David Sarnoff, an American businessman, was born on February 27, 1891. Sarnoff grew up in Uzlian, a shtetl in present-day Belarus, until his parents decided to immigrate to the United States. The Sarnoffs relocated to New York, and David attended school until the age of 15, when he was forced to drop out to support his family. He eventually secured a job as an office boy at the Marconi Wireless Telegraph Company of America (second image). Radio fascinated Sarnoff, and he remained involved with the electronics industry for the rest of his life.

Although he lacked any formal technical education, Sarnoff proved a quick study. He taught himself Morse code in order to become a wireless operator and learned how to maintain transmitters at a Marconi station on Nantucket and on an Arctic seal hunting expedition. Soon after returning to New York, he assisted with rescue operations in the aftermath of the Titanic disaster. The following year, he was promoted to chief radio inspector for the entire Marconi operation (third image).

Sarnoff stayed with American Marconi until 1919, when the firm was purchased by General Electric and spun off into a new company—the Radio Corporation of America (RCA). He ascended steadily through RCA’s leadership, becoming president in 1930 and chairman in 1949 (first image). Ultimately, he was perhaps most proud of the rank of brigadier general, which he earned in 1944 for coordinating communications during the D-Day invasion. After the war, he preferred to be addressed as either General Sarnoff or “The General” (fourth image).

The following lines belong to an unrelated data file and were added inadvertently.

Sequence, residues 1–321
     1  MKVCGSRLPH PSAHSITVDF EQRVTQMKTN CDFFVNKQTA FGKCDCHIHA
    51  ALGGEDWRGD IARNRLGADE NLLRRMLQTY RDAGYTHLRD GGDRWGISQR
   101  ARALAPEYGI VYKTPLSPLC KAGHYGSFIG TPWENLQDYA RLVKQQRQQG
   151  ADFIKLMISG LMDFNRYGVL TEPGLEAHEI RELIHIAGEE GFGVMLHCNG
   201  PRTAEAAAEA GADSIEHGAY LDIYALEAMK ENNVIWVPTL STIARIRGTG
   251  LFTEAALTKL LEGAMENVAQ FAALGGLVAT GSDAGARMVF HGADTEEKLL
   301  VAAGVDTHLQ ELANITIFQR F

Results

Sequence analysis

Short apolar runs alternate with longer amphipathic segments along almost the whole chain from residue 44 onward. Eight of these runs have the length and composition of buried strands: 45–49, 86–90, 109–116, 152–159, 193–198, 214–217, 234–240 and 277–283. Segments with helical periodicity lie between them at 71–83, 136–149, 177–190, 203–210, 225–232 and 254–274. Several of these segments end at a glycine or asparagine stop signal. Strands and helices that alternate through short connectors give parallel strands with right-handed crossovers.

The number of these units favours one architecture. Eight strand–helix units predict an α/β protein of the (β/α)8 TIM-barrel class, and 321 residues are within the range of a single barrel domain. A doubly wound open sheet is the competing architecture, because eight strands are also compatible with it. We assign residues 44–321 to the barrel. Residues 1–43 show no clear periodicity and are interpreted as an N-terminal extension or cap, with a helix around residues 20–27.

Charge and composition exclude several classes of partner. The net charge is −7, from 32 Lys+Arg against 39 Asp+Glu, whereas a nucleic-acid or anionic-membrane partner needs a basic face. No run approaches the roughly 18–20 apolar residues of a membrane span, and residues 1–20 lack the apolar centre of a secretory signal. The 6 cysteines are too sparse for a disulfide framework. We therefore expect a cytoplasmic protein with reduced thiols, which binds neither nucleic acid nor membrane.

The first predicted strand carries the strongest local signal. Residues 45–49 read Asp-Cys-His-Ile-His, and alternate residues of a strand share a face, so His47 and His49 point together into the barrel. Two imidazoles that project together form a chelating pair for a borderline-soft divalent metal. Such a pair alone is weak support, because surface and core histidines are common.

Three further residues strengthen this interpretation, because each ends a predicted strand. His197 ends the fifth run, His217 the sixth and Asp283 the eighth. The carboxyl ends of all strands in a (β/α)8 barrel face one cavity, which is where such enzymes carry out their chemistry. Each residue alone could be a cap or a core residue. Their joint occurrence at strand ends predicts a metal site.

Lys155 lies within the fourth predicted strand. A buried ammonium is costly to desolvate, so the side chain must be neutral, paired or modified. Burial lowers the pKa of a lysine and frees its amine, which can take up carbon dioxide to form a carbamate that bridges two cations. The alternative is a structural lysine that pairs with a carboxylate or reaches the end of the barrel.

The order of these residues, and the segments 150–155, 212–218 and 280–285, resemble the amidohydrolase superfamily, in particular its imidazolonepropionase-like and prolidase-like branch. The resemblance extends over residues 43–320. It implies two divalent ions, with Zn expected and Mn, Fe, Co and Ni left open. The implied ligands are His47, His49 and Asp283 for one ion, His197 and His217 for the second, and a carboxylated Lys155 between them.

Under the General’s leadership, RCA grew into the country’s leading consumer electronics firm. Sarnoff oversaw the expansion of the National Broadcasting Company (NBC)—America’s first radio network. He subsequently spearheaded the commercialization of television, famously announcing the addition of “radio sight to sound” at the 1939 New York World’s Fair (fifth image) In 1942, Sarnoff also established a research center in Princeton, New Jersey, which became the birthplace of such prominent technologies as color television and the liquid crystal display (LCD).

The Princeton facility later housed the David Sarnoff Library, which served as RCA’s main technical archive, as well as a museum honoring the company and its most famous leader. When the library closed in 2009, its artifact collection—including the telegraph key Sarnoff used in the midst of the Titanic crisis—was transferred to The College of New Jersey. The RCA archives, including all of the photographs featured here, were sent to the Hagley Museum and Library in Wilmington, Delaware, which has done an excellent job making them accessible to the public.

Benjamin Gross, Associate Vice President for Collections, Linda Hall Library. Comments or corrections are welcome; please direct to grossb@lindahall.org.